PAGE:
It is important to remember that while these variants can provide hints and indications of the science behind the enigma that is Ozzy Osbourne, direct causality cannot be claimed between each of these polymorphisms and his specific characteristics until such a time as each variant is studied and its resulting effects are elucidated. As Conde explained, “we cannot find the “Ozzy Osbourne” gene. But what we did see, as one of our scientists refers to it, is a lot of interesting smoke—but not any specific fire. We found many variants—novel variants—in genes associated with addiction and metabolism that are interesting but not quite definitive.”

Knome also found that Osbourne had two versions of the COMT gene called “worrier” and “warrior”. The COMT gene is responsible for the degradation of dopamine, epinephrine and norepinephrine and the two variants are associated with very different executive functions.

The warrior variant, characterized by a Val158 allele, is associated with improved dopaminergic transmission in times of increased dopamine release, leading to an advantage in coping with stressful situations. Conversely, the worrier variant, characterized by a Met 158 allele, confers a disadvantage in stressful situations but is associated with an increased ability for memory and attention tasks.

The fact that Osbourne has both alleles is incredibly rare and could account for how he has survived and adapted to a variety of situations and become the global superstar he is today. In his own words, Osbourne explains that “being a warrior — the crazy bat-eating Prince of Darkness — has made me famous. Being a worrier has kept me alive when some of my dearest friends never made it beyond their mid-twenties.”



Implications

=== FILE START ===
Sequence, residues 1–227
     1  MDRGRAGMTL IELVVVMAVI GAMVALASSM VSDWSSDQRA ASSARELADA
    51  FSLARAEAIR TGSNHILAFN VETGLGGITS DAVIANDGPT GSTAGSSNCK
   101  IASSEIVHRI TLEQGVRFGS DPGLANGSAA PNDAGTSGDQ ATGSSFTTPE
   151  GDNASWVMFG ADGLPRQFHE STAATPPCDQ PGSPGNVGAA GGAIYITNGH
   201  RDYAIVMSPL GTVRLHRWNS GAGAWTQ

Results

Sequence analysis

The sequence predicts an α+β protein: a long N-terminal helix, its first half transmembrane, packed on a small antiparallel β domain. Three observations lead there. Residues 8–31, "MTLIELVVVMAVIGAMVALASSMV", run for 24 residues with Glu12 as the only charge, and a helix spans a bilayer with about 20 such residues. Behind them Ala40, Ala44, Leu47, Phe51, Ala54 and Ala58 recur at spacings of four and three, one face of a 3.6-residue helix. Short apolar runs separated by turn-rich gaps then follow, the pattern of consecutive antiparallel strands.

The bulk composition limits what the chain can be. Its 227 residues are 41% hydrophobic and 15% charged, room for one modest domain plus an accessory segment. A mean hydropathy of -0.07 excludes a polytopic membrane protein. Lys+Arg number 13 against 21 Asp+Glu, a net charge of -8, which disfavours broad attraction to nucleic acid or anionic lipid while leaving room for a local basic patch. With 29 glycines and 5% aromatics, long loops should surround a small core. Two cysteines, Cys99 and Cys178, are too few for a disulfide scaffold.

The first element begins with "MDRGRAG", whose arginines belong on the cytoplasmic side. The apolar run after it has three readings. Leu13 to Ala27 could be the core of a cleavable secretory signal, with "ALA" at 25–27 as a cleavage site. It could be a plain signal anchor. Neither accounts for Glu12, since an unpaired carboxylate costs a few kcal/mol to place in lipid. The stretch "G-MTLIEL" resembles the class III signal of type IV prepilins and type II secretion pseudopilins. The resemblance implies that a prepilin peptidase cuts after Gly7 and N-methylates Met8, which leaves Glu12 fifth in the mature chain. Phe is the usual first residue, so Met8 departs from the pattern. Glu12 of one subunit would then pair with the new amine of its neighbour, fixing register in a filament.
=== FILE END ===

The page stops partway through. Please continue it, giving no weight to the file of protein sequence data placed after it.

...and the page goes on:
So what do all these novel variants and abnormalities mean for ‘The Prince of Darkness’? Well in relation to drugs, analysis of the sequence data revealed that compared to the average person, Osbourne was six-times more likely to be addicted to alcohol, 1.3-times more likely to be addicted to cocaine, 2.6-times more likely to experience hallucinations while smoking marijuana; and he was less likely to become addicted to heroin or tobacco. Interestingly, Osbourne’s main weakness was coffee, as he has a variant that severely slows his ability to metabolize caffeine.

Osbourne’s Parkinson-like tremor can potentially be explained by a change-of-function mutation in his TTN gene, which produces the large protein known as titin. Titin plays a vital role in the stability of sarcomeres in muscle cells and also has implications in nerve cells. The TTN mutation may also have an influence on Osbourne’s hearing; the rock star reports having tinnitus that can at times interfere with his hearing, but otherwise he can still hear well and doesn’t require a hearing aid, something that Conde finds intriguing: “here’s a guy who’s rocking heavy metal for decades and he can still hear. It would be interesting to know if this gene may impact that. [Or] his Parkinsonian tremor – it’s hard to know if that is from his genes or from years of hard living.”

While the technology has improved, and prices and sequencing times have dropped, our ability to understand the results and the implications of the polymorphisms and variants found are still reliant on the actual study of each gene, its function and how each potential alteration can affect it.  Therefore, until a comprehensive database of each individual gene, its variant and their effects on its function has been compiled along with software that can analyze it, WGS will continue to provide data that can immediately identify interesting smoke… but not the fire.

Looking at this study cynically, it could be easily written-off as a marketing gimmick for Knome and Cofactor Genomics. However, there are aspects of it that could be looked into more seriously and warrant a follow-up. The polymorphisms observed in Osbourne’s genome pose some interesting questions and further investigation could provide an insight into addiction, drug resistance and metabolism and nervous disorders.

WGS and its subsequent analysis have gone on to assist in the study of: numerous cancers, comparing tumor and patient genomes; antibiotic resistance; disease outbreaks and their management; Autism and the genetic diversity of the human race. It is, therefore, not inconceivable that this study could yield some new information if looked at again with new sequencing and analysis techniques.